I sympathise. I still have to ask my wife quite regularly if my peaks are the requisite softness or stiffness when beating eggs, and each time I wince at the implicit potential for innuendo. Why do these chefs dabble in such ambiguity? To make pedants like me red-faced, no doubt!

So all in all I enjoyed the book, but as I have already alluded to, I often feel that Barnes fizzles out or loses my interest partway in, and this was no exception. Some chapters felt thoroughly skippable and little in the second half of the book made me laugh or nod in agreement as I had done early on. As I’ve pondered why this was, I’ve come to two conclusions about my relationship to Barnes.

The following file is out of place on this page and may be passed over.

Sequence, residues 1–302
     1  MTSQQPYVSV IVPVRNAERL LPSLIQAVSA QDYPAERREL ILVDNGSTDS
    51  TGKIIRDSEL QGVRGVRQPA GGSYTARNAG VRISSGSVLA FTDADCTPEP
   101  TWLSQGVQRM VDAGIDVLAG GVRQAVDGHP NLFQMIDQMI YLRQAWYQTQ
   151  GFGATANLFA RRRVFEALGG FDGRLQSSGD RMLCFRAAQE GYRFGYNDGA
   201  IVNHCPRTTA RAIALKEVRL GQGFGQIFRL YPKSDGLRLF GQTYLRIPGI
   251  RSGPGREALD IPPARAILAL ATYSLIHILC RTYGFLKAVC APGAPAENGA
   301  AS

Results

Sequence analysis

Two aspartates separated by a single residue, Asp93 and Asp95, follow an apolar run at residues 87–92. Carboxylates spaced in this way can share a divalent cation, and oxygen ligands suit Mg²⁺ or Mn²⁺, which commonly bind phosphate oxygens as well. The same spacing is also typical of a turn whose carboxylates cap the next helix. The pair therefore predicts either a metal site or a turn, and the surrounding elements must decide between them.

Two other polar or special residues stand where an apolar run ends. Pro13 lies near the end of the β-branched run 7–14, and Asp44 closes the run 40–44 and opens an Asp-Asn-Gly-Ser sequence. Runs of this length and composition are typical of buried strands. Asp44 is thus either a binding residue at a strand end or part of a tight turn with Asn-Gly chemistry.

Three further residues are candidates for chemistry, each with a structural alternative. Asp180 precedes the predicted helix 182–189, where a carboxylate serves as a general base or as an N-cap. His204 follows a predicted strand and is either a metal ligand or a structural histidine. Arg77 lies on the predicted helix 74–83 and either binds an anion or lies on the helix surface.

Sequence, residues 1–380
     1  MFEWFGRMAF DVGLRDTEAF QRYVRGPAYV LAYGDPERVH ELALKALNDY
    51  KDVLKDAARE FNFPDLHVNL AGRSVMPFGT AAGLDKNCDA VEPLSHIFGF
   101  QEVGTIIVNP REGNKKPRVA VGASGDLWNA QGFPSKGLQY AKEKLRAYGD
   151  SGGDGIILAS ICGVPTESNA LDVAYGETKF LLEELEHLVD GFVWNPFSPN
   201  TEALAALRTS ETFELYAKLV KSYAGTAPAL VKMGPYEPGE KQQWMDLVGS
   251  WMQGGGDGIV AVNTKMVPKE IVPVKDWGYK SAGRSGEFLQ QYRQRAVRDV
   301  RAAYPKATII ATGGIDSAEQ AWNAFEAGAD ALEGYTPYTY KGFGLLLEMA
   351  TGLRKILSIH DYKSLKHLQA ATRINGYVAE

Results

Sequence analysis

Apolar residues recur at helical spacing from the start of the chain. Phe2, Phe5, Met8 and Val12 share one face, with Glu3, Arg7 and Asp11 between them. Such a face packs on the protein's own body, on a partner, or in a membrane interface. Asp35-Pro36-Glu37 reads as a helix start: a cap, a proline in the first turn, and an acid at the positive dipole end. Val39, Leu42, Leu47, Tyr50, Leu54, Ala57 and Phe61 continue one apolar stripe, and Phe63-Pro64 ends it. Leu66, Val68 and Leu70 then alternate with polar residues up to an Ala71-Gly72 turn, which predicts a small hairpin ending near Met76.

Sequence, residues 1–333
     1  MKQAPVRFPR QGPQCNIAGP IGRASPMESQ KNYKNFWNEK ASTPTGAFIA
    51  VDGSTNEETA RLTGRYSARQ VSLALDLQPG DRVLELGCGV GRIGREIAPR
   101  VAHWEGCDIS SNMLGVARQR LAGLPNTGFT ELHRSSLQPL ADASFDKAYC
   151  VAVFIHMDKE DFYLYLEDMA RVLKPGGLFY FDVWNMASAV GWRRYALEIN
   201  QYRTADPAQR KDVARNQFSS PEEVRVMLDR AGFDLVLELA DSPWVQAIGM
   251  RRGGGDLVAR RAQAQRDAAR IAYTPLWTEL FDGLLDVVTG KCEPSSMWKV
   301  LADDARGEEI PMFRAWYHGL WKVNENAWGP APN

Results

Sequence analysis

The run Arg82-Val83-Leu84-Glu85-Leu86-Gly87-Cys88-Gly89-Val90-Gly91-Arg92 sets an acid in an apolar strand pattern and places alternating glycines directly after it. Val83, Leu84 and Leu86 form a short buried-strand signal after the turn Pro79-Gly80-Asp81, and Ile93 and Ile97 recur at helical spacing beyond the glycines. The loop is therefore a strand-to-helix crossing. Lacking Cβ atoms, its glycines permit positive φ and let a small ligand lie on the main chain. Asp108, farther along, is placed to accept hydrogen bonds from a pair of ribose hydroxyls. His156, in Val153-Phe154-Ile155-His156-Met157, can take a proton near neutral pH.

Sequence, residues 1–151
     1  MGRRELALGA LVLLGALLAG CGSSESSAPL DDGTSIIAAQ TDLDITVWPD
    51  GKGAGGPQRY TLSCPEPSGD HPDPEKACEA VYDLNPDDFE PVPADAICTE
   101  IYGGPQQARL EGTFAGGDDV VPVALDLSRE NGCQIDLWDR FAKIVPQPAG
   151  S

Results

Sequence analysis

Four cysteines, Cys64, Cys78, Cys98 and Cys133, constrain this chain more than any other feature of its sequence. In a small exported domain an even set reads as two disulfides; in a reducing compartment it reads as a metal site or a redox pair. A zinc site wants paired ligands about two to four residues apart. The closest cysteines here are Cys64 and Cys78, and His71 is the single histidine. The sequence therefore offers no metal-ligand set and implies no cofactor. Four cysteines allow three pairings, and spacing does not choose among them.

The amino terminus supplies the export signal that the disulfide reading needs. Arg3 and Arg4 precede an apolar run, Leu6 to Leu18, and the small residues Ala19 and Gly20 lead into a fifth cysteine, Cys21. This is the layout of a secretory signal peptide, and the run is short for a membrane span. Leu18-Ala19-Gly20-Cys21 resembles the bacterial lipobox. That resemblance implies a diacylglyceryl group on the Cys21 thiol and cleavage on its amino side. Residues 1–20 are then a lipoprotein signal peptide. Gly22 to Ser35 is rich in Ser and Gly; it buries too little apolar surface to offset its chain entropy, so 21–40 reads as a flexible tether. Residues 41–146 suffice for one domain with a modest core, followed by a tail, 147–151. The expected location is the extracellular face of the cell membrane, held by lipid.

1. Barnes and I both fish from very different ponds.
    I think one of the things I find hard is that Barnes wears his influences on his sleeve, and his influences simply aren’t ones I share. I owe none of my culinary heritage (consciously at least) to Jane Grigson, so long and frequent heartfelt references to her work do nothing for me. Similarly, I’ve never read Flaubert and I’m not especially interested in French etymology, so huge swathes of Barnes’ writing is thus lost on me.

    Of course, I can appreciate that he is an expert on some things of which I know little, and there is plenty to admire about expertise of any sort. But I guess I just find some of his philosophising a little niche, and it is often the case that the second half of his books fall back on his specialisms; once he’s made his case through universal observations, he returns to his beloved subjects and I zone out.